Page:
Repetition: A key to Qur'anic style, structure and meaning [electronic resource].

Haggar, Dalia Abo.
322 p.
Middle Eastern literature.
System Details:
Mode of access: World Wide Web.
This dissertation examines repetition as a method of communicating meaning in the Qur'an. Repetition---defined here as verses of the Qur'an that repeat with minor changes---is an undervalued feature of the Qur'an. The methodology used in this dissertation to investigate repetition is based on the Semitic rhetorical figures (symmetrically arranged repeated elements) used in the study of the formal structure of the Biblical text. Two classes of repetition are identified. The first class works as a structuring device. Within this class, four different broad types of repetition are classified: 1) reverse symmetry, 2) forward symmetry, 3) asymmetry, and 4) partial symmetry. The second class of repetition functions as a conjunction device. Within this class, three different connective devices are distinguished: 1) thread, 2) link, and 3) complex conjunction, which is an arrangement of repetition types that establish different links between series of stories in a sura. The methodology of this study is applied to Surat al-A'raf (Q. 7), Yunus (Q. 10), and Hud (Q. 11). Each sura is examined individually (intratextual analysis), looking at (non-)narrative parts; then the methodology is applied to the three suras combined (intertextual analysis). In applying the dissertation's methodology to Surat al-A'raf, class one repetition is seen to emphasize the theme of "remembrance of God." In Surat Yunus, class one and two highlight the main theme of s&dotbelow;abr (patience, steadfastness, and endurance). Finally, in Surat Hud, class two repetitions elaborate the main theme of "trusting in God." In the intertextual study of the three suras, class one repetition is identified as a case of asymmetry that links the three suras, highlighting a common theme of the character traits that the Prophet and those who call people to God ought to adopt. Finally, in this work I show that the process of extracting and analyzing the different repetition schemes in the Qur'an leads to a deeper understanding of multiple layers of meaning within the Qur'anic text, serves to highlight the coherence of the suras, and guides the listeners, or readers, to take an active part in discovering latent messages imparted at the level of structure.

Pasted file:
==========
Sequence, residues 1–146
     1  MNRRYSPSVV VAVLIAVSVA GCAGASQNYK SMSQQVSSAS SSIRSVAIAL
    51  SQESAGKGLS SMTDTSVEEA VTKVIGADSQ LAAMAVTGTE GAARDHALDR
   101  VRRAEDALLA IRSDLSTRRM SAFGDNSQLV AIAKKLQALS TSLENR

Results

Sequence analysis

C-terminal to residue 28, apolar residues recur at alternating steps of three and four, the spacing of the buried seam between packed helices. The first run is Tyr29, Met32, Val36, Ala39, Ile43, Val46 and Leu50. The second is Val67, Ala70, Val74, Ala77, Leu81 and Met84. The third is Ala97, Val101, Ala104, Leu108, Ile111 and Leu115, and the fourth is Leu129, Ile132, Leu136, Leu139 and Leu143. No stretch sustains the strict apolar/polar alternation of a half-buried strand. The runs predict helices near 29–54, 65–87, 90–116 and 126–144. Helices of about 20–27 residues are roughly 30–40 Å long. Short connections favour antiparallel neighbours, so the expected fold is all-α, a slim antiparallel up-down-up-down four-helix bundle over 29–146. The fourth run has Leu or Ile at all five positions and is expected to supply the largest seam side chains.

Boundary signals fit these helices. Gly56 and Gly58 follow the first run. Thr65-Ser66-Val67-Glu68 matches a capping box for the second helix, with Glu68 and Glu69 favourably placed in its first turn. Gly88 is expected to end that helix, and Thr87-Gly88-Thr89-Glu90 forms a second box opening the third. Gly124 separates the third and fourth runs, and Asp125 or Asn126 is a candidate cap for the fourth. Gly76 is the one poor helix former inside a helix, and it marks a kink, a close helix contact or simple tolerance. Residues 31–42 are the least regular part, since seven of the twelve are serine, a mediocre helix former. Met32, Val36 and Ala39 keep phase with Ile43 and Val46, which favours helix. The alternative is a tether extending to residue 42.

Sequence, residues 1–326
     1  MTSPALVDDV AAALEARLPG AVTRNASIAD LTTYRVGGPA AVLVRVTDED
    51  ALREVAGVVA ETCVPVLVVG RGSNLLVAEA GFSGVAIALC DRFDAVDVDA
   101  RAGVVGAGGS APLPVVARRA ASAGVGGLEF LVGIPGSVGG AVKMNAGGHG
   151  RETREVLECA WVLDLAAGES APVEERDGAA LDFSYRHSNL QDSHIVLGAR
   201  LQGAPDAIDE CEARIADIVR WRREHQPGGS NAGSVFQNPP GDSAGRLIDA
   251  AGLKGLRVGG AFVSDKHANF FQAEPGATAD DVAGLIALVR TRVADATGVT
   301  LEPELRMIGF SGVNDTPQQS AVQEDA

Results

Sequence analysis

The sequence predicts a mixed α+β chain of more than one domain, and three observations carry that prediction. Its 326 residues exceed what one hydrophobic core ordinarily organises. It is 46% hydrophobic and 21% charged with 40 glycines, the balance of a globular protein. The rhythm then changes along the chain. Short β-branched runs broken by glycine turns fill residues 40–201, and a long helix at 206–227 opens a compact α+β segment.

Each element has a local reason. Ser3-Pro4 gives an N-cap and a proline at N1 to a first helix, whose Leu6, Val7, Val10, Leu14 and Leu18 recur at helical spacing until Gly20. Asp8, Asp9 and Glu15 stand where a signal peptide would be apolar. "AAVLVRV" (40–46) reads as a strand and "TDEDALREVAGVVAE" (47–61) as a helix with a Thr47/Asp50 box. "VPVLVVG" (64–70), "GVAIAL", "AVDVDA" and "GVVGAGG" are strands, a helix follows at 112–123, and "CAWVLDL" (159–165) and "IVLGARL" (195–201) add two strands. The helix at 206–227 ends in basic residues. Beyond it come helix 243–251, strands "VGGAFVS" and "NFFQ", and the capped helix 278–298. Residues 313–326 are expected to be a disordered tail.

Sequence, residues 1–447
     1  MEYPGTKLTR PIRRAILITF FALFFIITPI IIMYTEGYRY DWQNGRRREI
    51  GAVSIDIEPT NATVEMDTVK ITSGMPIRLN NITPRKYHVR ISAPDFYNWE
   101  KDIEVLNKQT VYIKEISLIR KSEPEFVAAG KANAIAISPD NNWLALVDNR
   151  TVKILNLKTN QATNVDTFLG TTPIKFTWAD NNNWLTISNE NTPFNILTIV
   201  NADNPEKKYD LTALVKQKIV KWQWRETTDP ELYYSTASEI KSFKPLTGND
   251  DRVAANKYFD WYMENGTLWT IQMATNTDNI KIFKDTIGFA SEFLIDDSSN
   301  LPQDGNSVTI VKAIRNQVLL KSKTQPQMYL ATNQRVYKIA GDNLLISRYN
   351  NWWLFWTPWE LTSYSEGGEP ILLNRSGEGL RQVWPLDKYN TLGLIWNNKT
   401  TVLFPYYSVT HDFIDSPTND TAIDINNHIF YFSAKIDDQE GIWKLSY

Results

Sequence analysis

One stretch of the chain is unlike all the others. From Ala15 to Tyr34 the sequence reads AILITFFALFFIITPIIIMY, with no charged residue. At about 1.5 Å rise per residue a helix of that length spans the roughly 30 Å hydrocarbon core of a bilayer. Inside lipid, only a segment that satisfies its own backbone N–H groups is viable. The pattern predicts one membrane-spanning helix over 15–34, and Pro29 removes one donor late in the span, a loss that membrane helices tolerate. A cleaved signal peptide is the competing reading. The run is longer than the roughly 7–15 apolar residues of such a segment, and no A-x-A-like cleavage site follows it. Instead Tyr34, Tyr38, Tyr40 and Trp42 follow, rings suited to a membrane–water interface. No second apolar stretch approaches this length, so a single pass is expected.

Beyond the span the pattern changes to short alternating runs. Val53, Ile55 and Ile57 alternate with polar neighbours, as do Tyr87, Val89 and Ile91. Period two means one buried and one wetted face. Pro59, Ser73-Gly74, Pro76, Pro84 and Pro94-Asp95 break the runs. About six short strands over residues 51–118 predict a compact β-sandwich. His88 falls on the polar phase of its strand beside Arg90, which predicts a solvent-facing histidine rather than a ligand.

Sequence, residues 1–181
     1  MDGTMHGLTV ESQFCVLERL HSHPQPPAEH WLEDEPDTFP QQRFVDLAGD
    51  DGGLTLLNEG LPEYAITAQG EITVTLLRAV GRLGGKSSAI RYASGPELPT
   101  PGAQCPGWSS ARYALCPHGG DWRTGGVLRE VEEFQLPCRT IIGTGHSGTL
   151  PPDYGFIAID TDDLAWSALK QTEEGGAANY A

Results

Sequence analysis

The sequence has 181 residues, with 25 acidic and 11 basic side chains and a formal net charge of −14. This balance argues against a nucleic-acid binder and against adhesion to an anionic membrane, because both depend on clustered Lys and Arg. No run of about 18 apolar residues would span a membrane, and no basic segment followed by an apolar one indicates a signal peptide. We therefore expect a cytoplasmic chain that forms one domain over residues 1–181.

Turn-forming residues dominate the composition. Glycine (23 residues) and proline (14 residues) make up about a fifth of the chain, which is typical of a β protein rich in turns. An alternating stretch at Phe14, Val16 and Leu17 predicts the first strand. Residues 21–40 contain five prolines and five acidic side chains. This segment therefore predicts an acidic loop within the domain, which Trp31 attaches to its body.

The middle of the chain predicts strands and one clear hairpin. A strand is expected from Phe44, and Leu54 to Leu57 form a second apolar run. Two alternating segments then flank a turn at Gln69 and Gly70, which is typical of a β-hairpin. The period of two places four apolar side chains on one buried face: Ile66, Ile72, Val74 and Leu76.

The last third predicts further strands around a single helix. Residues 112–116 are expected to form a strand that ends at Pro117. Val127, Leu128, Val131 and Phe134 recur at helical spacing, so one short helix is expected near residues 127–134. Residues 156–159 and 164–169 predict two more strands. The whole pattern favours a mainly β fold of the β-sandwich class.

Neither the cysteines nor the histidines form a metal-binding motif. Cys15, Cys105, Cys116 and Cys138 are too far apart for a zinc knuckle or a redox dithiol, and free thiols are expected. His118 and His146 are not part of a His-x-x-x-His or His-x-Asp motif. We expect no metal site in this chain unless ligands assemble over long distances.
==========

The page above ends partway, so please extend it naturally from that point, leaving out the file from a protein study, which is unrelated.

Source: Dissertation Abstracts International, Volume: 72-05, Section: A, page: 1661.
Adviser: Joseph E. Lowry.
Thesis (Ph.D.)--University of Pennsylvania, 2010.
Local notes:
School code: 0175.
University of Pennsylvania.
Contained In:
Dissertation Abstracts International 72-05A.
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Restricted for use by site license.
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